It’s not a bad little setup to get started with. Is that the same 101 and 303 you’ve still got now?

Yeah, it is. Unfortunately the 303’s not in great health and I’m struggling to find someone here in Amsterdam that can do a good job, so I’m going to have to send that away somewhere. The 101’s just in need of a service. I used to put batteries in the 101, plug in my Walkman headphones and sit on the bus on the way to college listening to it.

What was your musical inspiration? This is probably before house and techno, so what were you listening to at that point?

Jean-Michel Jarre. That was the main catalyst for getting into the synth stuff. My mum had the Oxygène album lying around in the car and it always fascinated me, what the hell was making the noises. The fact that he made his own synths and did all these live shows, for me that was the ultimate, so I kind of followed that story and tried to buy some machines that he might have used. Musically I didn’t go the same way as him but I was definitely inspired by what he was doing with synths and that’s basically what it came from. It wasn’t until later that I got more into the techno and house side of things, from ’88, ’89 onwards. I was still only 14, 15 years old but that’s when I started getting into Detroit stuff.

So your history of making music really fits neatly alongside the development of house and techno, which I think is quite interesting. If you’re a young kid today jumping into music production you’ve got a lot of this stuff figured out for you already – there are software options, hardware’s much more affordable – but when you started out that wasn’t the case and there wasn’t much information about how to produce music or how to use the equipment.

I didn’t know how to plug the 101 and the 303 together until I got a little mixing desk and some speakers. My mind was just totally blown then.

That’s right. The music magazines at the time did a decent job of trying to inform you of what people were using to make the music, but unless you actually had the equipment in front of you – which at the time was really expensive for a lot of the equipment people were using – it was really difficult to get a foothold.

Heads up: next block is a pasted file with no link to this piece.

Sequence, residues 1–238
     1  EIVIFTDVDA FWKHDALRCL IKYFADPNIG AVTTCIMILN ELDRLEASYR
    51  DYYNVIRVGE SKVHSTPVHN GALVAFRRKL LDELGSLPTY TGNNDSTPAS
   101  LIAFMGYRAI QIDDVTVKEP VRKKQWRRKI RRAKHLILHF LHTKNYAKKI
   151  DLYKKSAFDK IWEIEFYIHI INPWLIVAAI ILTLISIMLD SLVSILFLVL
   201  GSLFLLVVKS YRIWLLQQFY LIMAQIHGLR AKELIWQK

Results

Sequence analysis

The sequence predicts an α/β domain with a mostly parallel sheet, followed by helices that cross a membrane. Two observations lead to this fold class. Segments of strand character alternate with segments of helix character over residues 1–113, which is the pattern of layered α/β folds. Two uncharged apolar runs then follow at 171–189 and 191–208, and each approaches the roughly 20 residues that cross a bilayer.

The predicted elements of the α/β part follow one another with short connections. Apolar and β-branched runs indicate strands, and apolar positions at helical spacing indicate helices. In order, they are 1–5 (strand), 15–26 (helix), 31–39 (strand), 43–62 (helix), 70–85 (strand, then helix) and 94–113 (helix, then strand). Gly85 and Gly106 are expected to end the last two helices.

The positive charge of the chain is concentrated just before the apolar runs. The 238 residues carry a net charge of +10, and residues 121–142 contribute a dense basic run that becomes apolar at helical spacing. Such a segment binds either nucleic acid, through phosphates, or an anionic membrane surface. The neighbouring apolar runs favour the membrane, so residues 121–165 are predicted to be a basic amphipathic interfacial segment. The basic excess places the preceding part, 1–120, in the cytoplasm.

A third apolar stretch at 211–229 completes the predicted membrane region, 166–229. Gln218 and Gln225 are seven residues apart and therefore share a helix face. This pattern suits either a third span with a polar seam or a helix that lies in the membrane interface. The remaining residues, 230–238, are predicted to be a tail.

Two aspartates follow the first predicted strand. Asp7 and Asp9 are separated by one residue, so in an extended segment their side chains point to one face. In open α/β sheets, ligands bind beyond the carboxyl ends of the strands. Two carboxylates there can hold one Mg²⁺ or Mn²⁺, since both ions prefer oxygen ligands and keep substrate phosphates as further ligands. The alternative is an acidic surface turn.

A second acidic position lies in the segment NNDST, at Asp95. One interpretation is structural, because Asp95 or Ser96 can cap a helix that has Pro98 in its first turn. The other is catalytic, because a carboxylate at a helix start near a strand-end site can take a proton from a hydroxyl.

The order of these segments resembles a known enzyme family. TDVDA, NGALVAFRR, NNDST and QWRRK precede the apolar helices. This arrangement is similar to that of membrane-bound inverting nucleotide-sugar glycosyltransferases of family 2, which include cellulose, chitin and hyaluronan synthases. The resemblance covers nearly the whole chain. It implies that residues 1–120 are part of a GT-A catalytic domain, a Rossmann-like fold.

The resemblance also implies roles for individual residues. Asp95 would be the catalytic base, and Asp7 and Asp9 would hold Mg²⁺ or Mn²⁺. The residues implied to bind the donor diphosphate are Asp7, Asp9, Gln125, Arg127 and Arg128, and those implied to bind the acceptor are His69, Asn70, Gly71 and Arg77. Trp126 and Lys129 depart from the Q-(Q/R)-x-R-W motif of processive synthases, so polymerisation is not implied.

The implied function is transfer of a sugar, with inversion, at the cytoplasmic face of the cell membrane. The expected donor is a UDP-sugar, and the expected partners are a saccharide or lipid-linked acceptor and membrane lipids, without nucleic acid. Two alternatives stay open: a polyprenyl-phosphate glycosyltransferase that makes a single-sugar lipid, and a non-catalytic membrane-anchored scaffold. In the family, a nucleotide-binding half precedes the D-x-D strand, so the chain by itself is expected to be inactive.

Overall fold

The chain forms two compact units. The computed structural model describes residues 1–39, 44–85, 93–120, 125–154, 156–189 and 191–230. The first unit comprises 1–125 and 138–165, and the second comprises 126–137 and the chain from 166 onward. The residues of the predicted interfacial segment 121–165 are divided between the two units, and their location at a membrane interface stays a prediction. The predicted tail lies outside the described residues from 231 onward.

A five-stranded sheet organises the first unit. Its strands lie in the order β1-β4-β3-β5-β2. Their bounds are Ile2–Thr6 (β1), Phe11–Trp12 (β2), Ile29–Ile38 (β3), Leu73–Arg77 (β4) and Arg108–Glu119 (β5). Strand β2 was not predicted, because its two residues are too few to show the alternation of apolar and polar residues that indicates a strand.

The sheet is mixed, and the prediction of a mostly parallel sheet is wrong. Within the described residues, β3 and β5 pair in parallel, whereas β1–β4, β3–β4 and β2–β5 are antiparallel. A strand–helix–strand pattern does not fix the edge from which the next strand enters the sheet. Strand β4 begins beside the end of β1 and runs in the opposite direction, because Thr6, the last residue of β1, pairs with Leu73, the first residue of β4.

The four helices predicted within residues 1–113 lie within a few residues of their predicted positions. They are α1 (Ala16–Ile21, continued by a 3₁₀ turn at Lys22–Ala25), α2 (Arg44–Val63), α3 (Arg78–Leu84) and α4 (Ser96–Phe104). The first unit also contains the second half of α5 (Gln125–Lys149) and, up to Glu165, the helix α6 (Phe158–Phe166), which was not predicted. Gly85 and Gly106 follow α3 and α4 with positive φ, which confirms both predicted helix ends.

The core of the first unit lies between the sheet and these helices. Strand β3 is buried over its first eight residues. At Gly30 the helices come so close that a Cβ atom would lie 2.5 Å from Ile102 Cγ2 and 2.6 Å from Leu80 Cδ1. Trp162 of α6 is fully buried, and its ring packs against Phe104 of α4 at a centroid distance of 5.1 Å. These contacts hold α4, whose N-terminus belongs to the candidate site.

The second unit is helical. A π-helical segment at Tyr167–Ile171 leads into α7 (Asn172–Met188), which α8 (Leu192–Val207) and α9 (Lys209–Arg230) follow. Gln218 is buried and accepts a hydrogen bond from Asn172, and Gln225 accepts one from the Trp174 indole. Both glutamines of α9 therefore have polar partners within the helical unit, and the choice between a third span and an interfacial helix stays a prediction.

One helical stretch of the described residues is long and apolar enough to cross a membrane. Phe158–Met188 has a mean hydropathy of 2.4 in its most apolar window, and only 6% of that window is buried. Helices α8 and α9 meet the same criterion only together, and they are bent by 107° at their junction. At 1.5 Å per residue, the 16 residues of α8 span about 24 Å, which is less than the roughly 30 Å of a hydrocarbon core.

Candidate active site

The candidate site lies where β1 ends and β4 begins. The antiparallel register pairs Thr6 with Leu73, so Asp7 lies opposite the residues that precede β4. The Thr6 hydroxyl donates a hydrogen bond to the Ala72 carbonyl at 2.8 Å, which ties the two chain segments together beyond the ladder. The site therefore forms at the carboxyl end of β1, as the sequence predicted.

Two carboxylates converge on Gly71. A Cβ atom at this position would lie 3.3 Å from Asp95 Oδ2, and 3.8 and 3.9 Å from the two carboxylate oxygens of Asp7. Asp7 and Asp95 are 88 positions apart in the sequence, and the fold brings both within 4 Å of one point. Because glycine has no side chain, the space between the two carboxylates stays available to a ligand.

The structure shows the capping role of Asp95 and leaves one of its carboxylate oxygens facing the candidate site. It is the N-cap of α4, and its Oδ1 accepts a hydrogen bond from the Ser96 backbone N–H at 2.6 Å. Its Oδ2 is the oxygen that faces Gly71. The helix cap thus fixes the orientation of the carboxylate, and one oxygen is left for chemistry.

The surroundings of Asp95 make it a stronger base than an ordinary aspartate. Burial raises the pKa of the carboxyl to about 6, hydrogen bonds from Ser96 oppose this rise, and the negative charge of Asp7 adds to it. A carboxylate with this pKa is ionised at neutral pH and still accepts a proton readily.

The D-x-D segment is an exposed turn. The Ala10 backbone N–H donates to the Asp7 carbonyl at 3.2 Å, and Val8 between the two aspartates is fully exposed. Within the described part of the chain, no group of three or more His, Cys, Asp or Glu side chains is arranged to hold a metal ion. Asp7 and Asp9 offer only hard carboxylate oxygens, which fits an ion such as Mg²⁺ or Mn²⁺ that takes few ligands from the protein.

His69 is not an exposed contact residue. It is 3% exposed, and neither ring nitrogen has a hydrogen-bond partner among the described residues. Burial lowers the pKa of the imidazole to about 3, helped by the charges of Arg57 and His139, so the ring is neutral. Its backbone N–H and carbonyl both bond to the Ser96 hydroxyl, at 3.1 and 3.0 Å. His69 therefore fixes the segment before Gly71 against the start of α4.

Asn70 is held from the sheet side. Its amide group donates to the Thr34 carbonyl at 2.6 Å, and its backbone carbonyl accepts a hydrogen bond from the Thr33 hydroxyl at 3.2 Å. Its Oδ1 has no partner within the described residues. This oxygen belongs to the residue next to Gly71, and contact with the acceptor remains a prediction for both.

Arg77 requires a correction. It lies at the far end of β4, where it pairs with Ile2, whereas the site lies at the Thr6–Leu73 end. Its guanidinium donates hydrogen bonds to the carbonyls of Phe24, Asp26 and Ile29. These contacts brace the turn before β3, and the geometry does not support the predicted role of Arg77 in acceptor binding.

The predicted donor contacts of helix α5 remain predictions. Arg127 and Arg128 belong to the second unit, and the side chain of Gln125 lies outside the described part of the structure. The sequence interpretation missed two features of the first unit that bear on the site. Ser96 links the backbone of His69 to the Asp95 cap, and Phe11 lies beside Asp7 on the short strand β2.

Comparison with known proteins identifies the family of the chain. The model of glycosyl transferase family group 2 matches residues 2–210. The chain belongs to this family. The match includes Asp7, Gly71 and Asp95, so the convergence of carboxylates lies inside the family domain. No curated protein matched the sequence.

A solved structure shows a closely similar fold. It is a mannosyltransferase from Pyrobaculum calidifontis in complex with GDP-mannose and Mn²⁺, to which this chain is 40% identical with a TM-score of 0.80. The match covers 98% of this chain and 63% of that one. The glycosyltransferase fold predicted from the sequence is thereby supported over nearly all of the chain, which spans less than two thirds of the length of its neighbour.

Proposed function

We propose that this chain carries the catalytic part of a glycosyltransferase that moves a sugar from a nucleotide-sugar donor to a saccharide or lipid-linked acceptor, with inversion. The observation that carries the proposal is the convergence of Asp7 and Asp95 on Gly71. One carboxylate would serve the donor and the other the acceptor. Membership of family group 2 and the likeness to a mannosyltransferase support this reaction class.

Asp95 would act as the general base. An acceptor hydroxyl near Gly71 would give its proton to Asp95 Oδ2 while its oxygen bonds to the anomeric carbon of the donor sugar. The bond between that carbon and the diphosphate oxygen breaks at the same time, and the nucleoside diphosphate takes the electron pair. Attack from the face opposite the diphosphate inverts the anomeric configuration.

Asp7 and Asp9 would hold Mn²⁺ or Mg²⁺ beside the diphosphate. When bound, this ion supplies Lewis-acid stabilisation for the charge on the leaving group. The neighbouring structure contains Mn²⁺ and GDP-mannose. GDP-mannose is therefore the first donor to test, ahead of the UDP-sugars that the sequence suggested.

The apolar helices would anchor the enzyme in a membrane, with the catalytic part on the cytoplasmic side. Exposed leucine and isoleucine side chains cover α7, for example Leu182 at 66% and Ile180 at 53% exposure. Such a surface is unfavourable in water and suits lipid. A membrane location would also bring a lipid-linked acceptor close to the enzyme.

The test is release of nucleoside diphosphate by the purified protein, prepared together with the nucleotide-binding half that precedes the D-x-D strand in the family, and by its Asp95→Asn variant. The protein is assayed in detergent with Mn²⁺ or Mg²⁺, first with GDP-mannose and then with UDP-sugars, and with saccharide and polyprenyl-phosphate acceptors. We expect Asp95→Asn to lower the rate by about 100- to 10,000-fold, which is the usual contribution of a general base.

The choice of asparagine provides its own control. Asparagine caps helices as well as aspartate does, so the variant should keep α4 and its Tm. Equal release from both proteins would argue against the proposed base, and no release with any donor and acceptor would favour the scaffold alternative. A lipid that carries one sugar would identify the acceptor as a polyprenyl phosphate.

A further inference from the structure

How did you teach yourself to use this stuff? Was it just experimentation?

Totally. In between the organs and the 101 I’d had some little Casio sampler things that were basically toys, but I was already sampling my own voice and trying to make melodies up, so when I got the 101 it was an instinctive thing to do, trying to create those melodies on the synthesiser, but I didn’t have any speakers or anything – I just did it all with headphones. I didn’t even know how to plug the 101 and the 303 together for ages – it wasn’t until I got a little mixing desk and some speakers that I was able to play the two at the same time. My mind was just totally blown then.

20th August, 2015


  • Nice read, top bloke.

  • Great read and I also like that this is a studio tour with a ton of info on gear and the artist. Thanks.

  • Super interesting.

  • sounds like a great guys down to earth and a ton of knowledge

  • Yes, synths were more affordable, but you needed to spend a lot for a 24 channel mixer, EQs and compressors etc.
    Samplers were expensive as well.
    A few hundred bucks for good cables, or noisy recordings. Speaking of recording: You needed a DAT or analog reel to reel or were limited the dirty sound of compact cassette. You wouldn’t have an overwhelming choice of affordable studio speakers…
    10,000 bucks got you a small studio. But this was very limited compared to todays DAWs. Yet of course, compared to another 10, 20 years earlier, 10,000 was much more attainable. The Kraftwerk guys probably had to get their hands on much more money than just 10 grand to record.

  • One of the best.